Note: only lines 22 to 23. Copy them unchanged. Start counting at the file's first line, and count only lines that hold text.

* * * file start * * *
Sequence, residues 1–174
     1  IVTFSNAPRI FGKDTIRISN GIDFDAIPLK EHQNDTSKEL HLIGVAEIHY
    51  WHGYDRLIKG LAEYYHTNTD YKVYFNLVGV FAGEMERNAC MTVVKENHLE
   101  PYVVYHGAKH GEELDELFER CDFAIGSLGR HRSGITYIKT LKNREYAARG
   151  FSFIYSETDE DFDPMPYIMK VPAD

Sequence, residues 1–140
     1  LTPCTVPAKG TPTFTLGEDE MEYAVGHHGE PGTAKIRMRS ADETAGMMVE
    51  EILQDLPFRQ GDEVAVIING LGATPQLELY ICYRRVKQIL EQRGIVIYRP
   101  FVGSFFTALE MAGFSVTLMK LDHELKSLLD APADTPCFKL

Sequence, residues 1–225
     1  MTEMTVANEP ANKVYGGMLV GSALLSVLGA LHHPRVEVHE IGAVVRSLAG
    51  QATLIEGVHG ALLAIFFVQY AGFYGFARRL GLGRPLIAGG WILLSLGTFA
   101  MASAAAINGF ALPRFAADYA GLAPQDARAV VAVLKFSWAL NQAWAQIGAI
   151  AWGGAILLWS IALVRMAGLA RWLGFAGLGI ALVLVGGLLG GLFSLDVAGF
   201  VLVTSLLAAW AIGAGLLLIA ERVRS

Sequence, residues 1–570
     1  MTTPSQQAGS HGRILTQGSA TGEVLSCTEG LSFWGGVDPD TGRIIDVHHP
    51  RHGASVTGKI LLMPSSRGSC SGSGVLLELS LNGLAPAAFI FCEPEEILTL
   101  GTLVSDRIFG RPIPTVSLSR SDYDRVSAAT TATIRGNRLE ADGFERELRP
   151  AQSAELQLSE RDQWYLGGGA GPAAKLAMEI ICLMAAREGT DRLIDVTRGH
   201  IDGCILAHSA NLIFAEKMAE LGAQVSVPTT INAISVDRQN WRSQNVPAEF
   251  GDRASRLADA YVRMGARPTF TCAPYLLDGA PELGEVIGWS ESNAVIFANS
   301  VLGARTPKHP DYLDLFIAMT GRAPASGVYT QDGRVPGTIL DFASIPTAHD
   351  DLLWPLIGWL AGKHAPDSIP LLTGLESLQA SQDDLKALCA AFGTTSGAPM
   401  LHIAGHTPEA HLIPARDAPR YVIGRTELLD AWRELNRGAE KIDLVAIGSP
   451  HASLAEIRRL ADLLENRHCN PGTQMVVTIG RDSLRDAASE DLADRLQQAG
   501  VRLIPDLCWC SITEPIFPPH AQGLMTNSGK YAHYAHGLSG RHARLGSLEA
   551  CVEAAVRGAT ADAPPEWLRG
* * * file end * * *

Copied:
   251  GDRASRLADA YVRMGARPTF TCAPYLLDGA PELGEVIGWS ESNAVIFANS
   301  VLGARTPKHP DYLDLFIAMT GRAPASGVYT QDGRVPGTIL DFASIPTAHD